My brother, Rahul, was a real mischief maker. My parents had their hands full bringing him up. Our neighbour, Colonel Gupta, would call him an ‘injured soldier’ because he would always have bandages tied and band-aids pasted on him, which he would proudly display as badges of honour. He also had a tale to tell about each wound.
When he was 12 years old, he developed a low platelet count. So doctors advised him not to get hurt as the blood would not coagulate. He was admitted to the Army Hospital to get a blood transfusion, but my mother could not stay with him as per rules. When we would go visit him, he would be up and about doing chores for other patients such as filling bottles from the water cooler, calling the nurse for the elderly and playing with toddlers. My mother would reprimand him for not taking his ailment seriously.
He was surprisingly the topper in class. But he had a gang of friends who were below average in studies, and he would coach them before exams. My father disapproved of this and would often sermonise, “A man is known by the company he keeps.” But to no avail.
When he was down with chicken pox this one time, his friends would come asking about his health. They would not come inside but talk from a distance, from the other side of the boundary wall. And here I was, under the impression that their friendship was so thick that they had come calling unmindful of the fear of catching the dreaded disease.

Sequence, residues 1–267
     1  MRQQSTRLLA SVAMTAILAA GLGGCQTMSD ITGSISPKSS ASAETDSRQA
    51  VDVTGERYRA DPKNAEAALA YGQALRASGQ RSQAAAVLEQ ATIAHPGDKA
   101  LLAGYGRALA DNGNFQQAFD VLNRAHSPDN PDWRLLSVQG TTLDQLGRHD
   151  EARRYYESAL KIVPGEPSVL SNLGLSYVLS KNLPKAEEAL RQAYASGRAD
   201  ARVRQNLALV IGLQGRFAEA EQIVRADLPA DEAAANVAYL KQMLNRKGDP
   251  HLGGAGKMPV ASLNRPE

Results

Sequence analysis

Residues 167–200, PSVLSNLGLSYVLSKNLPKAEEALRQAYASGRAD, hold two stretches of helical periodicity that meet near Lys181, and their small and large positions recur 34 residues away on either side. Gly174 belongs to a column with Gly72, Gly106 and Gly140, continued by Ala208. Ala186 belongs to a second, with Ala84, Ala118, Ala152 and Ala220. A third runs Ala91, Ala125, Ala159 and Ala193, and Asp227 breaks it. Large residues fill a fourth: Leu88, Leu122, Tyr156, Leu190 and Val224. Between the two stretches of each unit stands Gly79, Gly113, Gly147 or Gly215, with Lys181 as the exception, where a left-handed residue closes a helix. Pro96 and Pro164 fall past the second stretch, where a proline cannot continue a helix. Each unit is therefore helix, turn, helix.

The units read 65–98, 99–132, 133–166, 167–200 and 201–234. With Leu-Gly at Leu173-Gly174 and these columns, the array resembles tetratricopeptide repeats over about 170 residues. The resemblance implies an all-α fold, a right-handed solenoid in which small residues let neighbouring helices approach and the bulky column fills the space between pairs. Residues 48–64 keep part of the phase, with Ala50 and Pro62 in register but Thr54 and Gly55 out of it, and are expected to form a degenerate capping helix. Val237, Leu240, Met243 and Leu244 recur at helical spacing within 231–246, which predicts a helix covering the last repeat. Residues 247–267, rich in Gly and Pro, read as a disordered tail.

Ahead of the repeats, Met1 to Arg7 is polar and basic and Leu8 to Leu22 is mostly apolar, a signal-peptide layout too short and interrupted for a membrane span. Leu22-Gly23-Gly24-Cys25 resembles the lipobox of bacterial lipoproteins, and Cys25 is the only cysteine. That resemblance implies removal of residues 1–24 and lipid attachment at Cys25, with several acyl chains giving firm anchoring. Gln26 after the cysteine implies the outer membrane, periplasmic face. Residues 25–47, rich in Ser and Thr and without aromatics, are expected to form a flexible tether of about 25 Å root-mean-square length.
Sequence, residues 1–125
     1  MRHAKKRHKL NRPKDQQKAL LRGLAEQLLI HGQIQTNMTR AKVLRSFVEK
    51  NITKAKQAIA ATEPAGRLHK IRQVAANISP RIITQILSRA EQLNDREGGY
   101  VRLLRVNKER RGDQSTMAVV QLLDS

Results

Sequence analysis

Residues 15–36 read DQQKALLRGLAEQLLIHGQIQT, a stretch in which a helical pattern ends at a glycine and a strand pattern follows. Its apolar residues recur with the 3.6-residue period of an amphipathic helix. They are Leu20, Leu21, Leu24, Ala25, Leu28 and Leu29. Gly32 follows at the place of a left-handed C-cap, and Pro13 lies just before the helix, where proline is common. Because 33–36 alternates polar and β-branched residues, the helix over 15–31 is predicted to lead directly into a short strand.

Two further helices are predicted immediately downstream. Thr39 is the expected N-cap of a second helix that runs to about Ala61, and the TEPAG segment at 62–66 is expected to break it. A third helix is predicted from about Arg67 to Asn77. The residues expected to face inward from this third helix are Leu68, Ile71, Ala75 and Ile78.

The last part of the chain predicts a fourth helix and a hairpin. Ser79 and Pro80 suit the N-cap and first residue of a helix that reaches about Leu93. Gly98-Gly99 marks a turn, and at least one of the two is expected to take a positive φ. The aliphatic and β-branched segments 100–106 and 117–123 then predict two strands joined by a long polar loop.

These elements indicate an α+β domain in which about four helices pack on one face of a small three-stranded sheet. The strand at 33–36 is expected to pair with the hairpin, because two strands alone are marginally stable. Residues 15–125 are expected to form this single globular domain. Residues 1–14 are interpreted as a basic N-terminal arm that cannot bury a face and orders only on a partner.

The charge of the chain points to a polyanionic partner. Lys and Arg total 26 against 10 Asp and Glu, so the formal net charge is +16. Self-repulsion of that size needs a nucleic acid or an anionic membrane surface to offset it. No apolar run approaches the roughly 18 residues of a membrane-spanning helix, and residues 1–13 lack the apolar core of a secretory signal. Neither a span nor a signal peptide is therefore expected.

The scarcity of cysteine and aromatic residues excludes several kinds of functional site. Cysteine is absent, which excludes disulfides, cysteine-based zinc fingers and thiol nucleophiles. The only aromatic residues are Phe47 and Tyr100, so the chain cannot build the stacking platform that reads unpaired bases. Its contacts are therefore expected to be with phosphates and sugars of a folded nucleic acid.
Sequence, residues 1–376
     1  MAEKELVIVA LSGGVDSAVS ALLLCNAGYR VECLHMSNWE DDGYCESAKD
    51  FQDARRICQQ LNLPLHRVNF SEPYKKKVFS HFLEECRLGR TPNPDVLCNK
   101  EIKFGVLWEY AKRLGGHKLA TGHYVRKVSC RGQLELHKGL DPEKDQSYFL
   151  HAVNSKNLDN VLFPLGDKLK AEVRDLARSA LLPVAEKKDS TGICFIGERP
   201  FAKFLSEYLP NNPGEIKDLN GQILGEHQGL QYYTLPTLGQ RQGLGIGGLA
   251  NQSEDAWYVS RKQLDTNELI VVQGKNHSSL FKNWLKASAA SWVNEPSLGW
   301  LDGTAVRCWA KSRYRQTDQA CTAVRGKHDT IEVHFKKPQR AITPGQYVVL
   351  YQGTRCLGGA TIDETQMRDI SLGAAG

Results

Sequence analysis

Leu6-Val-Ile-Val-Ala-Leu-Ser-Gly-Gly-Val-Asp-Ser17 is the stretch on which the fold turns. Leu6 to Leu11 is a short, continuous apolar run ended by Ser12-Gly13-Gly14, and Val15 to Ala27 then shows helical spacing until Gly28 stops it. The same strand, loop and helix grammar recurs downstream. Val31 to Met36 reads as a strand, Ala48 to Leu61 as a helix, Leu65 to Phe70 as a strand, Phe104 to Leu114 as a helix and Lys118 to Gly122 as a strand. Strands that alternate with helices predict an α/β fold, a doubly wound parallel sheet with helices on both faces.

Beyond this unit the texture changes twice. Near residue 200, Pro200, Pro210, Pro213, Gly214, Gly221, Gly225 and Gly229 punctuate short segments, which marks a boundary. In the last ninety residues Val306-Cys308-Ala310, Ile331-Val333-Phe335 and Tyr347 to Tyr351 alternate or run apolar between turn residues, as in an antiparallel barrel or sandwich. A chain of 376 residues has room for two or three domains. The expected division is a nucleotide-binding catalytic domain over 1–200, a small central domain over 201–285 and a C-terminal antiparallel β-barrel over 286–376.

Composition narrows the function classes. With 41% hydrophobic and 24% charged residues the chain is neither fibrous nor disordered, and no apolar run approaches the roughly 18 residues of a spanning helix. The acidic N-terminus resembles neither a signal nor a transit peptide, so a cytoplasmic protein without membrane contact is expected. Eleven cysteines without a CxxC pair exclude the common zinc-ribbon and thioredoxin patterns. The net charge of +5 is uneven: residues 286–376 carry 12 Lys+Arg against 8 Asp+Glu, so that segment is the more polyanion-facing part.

He had a liking for dogs so much so that he was bitten by stray dogs a couple of times. My mother threw her hands up in despair and decided to keep a pet dog, something he had been demanding for long. My brother fell in love with the pug. He christened it Comet. They would snuggle together in the quilt in the bed during winter. When he would return home from school, the puppy would greet him by jumping all over him and waving its tail incessantly. Rahul would fill its bowl with milk and crush the chapatti so that the puppy could chew on it easily.
My brother was very fond of bursting crackers on Diwali. His celebrations would begin much in advance. He didn’t understand the consequences until he saw its ill effects on his pup. It would hide beneath the bed and refuse to come out. When it would be coaxed out, it would shake and tremble. My father explained to Rahul that dogs have an acutely sharp sense of hearing and they cannot tolerate the loud bang of firecrackers.
This piece of advice sobered Rahul. Thereafter, he refrained from bursting crackers. Where parents’ advice had failed, the pup had done wonders.